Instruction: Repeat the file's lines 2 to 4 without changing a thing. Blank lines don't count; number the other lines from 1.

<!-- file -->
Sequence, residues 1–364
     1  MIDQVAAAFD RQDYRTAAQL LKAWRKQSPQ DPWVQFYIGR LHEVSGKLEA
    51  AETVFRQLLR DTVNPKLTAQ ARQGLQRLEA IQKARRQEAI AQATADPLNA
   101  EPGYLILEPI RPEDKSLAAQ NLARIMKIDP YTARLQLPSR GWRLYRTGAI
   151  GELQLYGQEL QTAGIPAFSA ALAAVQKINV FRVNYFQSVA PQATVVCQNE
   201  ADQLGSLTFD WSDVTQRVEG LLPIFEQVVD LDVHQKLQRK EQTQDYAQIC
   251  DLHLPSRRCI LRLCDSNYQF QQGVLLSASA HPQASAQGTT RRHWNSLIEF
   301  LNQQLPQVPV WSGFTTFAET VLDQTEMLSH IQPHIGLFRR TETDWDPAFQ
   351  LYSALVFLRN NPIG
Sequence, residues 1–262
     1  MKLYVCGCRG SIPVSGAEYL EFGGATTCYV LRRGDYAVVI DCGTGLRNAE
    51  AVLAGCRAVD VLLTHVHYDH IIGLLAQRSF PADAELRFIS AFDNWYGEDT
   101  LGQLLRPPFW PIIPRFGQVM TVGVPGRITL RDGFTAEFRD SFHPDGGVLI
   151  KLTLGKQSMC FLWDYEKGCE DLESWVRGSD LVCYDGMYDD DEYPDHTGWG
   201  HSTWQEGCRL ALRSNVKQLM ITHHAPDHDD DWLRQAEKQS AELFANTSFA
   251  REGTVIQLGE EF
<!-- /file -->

     1  MIDQVAAAFD RQDYRTAAQL LKAWRKQSPQ DPWVQFYIGR LHEVSGKLEA
    51  AETVFRQLLR DTVNPKLTAQ ARQGLQRLEA IQKARRQEAI AQATADPLNA
   101  EPGYLILEPI RPEDKSLAAQ NLARIMKIDP YTARLQLPSR GWRLYRTGAI